We do hold docs accountable in the same exact way we’d hold staff accountable. It’s not always that simple, as we know the challenges an unhappy doc can bring….however, it’s putting them on notice of expectations from the get-go, and making them aware of their stature, and how they are viewed in the hospitals by the staff, and how their behavior dilutes that authority and respect. Mandatory training is a great idea. It should be spun as a way to help them, not punitive.
Sir William Osler, FRS FRCP, one of the four founding professors of Johns Hopkins Hospital said, “The good physician treats the disease; the great physician treats the patient who has the disease.” Being a physician is much more than diagnosing and treating patients, it’s demonstrating compassionate patient care and a commitment to those patients. So beyond the degrees and training, physicians need soft skills – people skills or interpersonal skills. Research shows that soft skills such as communications and positive attitude and empathy are crucial to the success of a health system. Helping physicians sharpen their soft skills can be challenging.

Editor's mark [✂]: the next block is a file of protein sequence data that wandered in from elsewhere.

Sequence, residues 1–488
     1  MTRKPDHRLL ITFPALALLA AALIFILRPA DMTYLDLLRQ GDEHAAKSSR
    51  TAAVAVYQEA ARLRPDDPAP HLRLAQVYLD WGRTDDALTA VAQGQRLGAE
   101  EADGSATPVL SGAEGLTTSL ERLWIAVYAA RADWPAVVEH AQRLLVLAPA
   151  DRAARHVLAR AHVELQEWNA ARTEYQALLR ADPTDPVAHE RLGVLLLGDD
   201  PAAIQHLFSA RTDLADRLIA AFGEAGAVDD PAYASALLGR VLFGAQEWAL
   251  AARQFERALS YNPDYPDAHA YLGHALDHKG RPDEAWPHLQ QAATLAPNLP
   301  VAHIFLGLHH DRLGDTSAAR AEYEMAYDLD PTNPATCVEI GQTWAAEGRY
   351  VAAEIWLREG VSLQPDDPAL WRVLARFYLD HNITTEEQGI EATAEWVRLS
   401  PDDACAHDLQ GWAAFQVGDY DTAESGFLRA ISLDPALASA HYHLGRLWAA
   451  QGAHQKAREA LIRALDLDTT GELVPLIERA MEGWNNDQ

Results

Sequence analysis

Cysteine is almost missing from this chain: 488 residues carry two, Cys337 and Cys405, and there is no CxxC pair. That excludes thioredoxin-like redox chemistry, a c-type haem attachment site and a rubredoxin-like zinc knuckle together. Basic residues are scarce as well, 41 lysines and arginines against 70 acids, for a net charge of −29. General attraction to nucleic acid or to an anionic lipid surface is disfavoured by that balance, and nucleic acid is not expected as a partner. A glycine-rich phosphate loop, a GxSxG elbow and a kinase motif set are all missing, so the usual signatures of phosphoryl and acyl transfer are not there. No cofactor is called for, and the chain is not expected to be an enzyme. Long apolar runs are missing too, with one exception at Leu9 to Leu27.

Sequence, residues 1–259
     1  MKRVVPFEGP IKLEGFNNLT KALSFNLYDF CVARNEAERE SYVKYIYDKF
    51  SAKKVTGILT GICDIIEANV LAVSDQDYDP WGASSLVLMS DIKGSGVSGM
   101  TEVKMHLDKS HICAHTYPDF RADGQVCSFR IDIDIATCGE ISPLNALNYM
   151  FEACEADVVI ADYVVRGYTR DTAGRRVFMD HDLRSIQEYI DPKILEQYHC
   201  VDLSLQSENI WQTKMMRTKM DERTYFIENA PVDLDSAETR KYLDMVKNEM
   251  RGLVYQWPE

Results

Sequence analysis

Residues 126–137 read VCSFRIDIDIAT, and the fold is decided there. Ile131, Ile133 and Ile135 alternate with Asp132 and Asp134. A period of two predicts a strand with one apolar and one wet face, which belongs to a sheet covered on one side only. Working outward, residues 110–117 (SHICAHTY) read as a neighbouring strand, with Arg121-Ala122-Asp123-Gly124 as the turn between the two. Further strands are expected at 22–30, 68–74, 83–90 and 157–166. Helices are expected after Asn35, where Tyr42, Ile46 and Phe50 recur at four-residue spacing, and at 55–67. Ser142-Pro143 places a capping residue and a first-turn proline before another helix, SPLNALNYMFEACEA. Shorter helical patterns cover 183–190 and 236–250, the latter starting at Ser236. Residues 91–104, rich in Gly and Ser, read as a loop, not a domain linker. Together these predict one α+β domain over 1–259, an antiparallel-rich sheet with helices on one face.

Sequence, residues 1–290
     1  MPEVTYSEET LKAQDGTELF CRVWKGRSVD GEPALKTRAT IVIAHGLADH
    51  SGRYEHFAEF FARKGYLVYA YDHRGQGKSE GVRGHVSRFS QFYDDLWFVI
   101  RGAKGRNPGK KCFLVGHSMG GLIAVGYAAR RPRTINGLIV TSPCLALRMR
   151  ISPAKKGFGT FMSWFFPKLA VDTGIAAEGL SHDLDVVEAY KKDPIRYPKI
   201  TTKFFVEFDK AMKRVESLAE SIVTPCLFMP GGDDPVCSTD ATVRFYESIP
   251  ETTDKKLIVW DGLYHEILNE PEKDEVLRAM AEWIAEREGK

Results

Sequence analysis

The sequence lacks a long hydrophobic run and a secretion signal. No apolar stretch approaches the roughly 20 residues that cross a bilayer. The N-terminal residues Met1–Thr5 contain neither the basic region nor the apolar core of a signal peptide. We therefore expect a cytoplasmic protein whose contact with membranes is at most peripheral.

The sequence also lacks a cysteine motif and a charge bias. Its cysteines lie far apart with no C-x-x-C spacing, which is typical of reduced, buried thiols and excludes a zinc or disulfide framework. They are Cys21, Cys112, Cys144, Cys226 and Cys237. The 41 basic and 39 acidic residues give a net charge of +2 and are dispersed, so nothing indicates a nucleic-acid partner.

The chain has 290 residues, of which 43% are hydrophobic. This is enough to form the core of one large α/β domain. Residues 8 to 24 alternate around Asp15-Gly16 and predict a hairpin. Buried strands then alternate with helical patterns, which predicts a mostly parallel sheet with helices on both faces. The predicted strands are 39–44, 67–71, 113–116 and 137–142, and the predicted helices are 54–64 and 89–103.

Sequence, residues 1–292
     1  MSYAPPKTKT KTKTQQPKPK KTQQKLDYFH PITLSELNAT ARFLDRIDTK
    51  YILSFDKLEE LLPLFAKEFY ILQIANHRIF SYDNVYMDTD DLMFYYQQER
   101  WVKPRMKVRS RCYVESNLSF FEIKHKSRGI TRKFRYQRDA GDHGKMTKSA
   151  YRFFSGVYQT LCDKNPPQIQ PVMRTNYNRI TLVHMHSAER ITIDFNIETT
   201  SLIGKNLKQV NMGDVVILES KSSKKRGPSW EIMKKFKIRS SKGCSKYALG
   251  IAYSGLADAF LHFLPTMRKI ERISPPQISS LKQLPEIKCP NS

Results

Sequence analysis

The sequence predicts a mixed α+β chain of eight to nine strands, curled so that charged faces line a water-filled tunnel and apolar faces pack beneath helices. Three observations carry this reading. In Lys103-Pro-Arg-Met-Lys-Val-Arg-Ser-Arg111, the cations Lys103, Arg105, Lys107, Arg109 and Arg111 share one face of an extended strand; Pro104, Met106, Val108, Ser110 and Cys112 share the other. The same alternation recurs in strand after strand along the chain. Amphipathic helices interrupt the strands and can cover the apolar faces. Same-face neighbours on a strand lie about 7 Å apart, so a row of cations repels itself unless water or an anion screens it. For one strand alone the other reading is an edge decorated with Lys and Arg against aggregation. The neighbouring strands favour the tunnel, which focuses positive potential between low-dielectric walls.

In order to truly teach soft skills, take learning outside of the classroom. A blended approach is best, with peer-to-peer discussions and leader-led scenarios. You can talk about how to empathize with a patient and effectively communicate their treatment options, but until a physician has the interaction with a live person, they will not fully grasp the skill.
When teaching soft skills, it’s almost always better to teach (and practice) one at a time. Role playing can be very effective for this.
When you bring physicians together to talk about effective communications, active listening, building trust and respect, these soft skills become abstract concepts that can cause learners to lose interest.